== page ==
This is the penultimate episode of the first series of Muselings. In it, I give some thoughts on the experience of privilege and get the name of Jamal Harewood’s performance wrong – I should have referred to it as The Privileged (and, incidentally, if you get the chance to see The Privileged, you should).
There is some swearing in this episode so I have marked it as explicit on Apple Music.
Edit: Having listened to this episode again, I have noticed that I have misgendered Hari Ziyad, whose pronouns are they/them.
The links I promised:
Jamal Harewood’s website
Information about The Privileged (which I have misnamed throughout this episode)
A critical view of the impact of Live Aid in The Guardian
Hari Ziyad writing about empathy and oppression in Black Girl Dangerous
A link I didn’t promise:
A super interesting reflection on privilege and guilt by Eula Bliss in the New York Times Magazine
A transcript of this episode is below.
You can find the podcast and subscribe on Apple Podcasts here.
Right. Let’s start with this…
A couple of weeks ago – so, at the beginning of November, 2015 – I cycled through some fine, Autumnal, London rain to the National Theatre Studio to see a performance that was part of Arts Admin’s Spill Festival. It was by an artist called Jamal Harewood – who’s great, by the way; I recommend that you look him up – and it was called Privilege.
The performance started with Jamal lying on the floor in a polar bear costume – breathing beautifully, by the way: he was lying on his front so we could see his back rising and falling – and it ended, as far as I’m concerned, with Jamal making his way through a bucket of fried chicken. And the reason that I left at that point was that I was feeling uncomfortable and guilty and angry and resentful and unsure of how I could possibly retain my position on any kind of moral high ground given what had been happening and how I’d reacted. And because I thought it might be about to get really unpleasant and I didn’t want to see that. And because several other people were leaving at the same time and I’m a coward and I need cover. And, as I wandered off to find some lunch – where did I have lunch, actually? Oh yes, I went to Yo Sushi on the South Bank… which was surprisingly quiet for a Saturday afternoon – I thought to myself: ‘Yah. This is exactly how I experience privilege.’ Or, to refine that a little: ‘This is how I experience having my privilege pointed out to me.’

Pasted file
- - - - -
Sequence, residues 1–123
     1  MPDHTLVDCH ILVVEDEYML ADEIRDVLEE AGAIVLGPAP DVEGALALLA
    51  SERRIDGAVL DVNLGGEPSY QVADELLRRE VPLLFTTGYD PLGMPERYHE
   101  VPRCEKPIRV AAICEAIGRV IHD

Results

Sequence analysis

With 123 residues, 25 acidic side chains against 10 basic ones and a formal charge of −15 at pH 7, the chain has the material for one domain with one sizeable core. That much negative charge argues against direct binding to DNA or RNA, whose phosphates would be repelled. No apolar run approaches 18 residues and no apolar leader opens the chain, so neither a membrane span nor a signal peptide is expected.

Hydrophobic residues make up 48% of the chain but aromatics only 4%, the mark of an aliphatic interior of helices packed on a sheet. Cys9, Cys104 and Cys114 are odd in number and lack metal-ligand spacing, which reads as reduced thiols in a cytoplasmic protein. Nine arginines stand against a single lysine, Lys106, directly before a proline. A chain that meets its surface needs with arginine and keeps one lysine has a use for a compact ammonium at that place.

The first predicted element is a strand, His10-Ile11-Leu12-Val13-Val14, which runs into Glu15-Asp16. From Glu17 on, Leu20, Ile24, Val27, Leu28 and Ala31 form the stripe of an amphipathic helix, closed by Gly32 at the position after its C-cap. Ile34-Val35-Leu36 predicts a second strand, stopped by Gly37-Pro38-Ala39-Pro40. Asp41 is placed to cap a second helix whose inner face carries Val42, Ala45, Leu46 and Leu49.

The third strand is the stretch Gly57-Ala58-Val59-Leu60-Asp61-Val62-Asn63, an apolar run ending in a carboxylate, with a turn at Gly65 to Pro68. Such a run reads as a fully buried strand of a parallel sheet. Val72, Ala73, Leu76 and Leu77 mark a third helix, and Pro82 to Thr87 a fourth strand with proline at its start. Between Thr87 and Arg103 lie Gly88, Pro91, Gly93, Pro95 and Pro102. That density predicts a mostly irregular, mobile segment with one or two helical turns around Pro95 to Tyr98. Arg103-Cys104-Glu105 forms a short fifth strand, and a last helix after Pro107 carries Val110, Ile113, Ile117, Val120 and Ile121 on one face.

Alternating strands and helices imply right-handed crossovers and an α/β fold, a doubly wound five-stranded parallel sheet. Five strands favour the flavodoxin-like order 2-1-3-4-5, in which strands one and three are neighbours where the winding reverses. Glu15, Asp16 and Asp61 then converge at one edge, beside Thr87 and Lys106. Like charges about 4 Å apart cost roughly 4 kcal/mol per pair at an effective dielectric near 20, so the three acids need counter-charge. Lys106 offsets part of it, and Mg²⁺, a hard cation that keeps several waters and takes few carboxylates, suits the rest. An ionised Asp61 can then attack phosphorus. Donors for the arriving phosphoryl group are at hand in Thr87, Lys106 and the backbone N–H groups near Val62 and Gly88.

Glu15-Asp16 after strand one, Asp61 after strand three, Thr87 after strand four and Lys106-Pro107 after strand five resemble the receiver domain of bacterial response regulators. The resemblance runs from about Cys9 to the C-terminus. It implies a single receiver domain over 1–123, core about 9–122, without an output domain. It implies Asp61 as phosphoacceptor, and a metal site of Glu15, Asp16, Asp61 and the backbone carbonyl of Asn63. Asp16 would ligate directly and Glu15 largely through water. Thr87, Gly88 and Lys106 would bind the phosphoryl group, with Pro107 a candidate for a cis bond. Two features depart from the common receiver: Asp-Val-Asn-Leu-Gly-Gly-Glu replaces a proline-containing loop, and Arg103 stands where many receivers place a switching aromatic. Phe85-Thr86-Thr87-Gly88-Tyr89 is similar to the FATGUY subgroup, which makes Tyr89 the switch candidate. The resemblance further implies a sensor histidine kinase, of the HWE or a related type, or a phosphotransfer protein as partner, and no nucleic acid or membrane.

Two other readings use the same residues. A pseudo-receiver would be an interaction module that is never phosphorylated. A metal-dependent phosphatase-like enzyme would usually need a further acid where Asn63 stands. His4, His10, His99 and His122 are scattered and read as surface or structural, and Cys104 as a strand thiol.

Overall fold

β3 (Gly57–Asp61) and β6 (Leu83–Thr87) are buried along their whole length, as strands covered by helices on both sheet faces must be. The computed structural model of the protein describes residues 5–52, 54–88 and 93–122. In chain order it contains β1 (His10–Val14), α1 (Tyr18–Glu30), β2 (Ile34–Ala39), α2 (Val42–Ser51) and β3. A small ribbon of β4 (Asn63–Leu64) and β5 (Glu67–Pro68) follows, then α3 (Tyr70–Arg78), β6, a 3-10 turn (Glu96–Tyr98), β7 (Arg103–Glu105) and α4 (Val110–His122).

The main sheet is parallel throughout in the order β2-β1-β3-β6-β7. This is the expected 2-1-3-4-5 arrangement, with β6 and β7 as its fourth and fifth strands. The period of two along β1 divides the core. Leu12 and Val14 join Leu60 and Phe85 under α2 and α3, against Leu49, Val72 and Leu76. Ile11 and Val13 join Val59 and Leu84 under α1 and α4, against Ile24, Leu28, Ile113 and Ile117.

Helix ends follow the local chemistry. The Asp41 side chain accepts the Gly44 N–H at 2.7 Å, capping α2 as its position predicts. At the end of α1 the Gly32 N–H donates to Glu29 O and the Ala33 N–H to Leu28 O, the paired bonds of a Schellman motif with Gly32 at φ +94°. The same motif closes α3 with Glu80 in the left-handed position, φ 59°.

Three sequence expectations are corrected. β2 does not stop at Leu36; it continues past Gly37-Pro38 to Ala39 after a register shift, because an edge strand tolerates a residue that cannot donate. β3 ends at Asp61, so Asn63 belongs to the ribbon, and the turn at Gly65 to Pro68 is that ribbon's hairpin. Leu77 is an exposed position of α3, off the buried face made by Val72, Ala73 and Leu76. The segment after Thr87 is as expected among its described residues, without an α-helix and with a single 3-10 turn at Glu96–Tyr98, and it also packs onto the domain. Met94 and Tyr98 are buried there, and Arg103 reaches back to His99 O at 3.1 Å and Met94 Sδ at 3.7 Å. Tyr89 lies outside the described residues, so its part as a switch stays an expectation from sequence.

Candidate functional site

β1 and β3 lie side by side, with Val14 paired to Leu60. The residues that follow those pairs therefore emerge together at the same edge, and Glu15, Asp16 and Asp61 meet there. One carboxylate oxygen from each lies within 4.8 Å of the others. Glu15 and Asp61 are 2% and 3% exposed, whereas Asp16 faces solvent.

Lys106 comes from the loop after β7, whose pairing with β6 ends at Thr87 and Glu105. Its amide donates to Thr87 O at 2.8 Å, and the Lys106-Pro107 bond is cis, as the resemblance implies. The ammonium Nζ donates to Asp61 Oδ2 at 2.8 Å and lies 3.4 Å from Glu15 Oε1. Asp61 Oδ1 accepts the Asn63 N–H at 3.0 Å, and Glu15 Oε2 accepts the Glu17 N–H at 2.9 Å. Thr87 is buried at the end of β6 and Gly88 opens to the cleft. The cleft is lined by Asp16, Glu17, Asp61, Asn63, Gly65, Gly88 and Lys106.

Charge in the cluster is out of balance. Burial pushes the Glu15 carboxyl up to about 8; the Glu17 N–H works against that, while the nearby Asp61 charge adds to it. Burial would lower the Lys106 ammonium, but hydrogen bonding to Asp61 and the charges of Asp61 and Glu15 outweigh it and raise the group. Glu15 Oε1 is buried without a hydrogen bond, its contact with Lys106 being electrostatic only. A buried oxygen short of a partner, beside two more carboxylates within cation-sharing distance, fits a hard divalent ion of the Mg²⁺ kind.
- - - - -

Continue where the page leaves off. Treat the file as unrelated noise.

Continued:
Because this performance really did strike me as a stunning distillation of the experience of privilege. The way it’s set up – and I’m going to be deliberately vague here so that I don’t spoil it for anybody who might see it in the future – the way it’s set up, we, in the audience, have agency, we have a handy excuse in case things go wrong and, if we really don’t like what’s happening, we can leave. Oh, and if we feel bad about any of that, there’s no-one to absolve us of our guilt. It’s a very nice microcosm of a privileged existence, I think.
And, of course I’m reading some of my own preoccupations into this, but one of the things that I loved is that I feel as though Jamal Harewood takes us to a place where not to act becomes as problematic as to act, and where we have to acknowledge that we are the ones who have set this in motion at the same time as being able to argue, with justification, that we never intended for any of this to happen.
Because that’s one of the paradoxes of privilege, I think. There are, let’s say, very few evil geniuses working out how to game the global system for their own advantage but there are lots of us who benefit just because of where we find ourselves. Or, rather, not just because of where we find ourselves but because of where we find ourselves and because we don’t do anything to mitigate that. Or, if we do do something, we don’t do enough. And, in any case, very often, we do it wrong or badly and we end up making things worse. Do no harm is a very nice instruction for living a good life but, as soon as you have any power, even accidentally, it seems to me that it’s almost impossible to follow.
So I think that guilt and resentment are quite natural reactions to having this situation pointed out but I happen to know, because I’ve read a lot about it, that they don’t help anybody either. Emotions in general, although nice, are a notoriously treacherous guide to doing the right thing. I’m tempted to put a link in the description to some stuff about the aftermath of Live Aid in case you are in any doubt about that.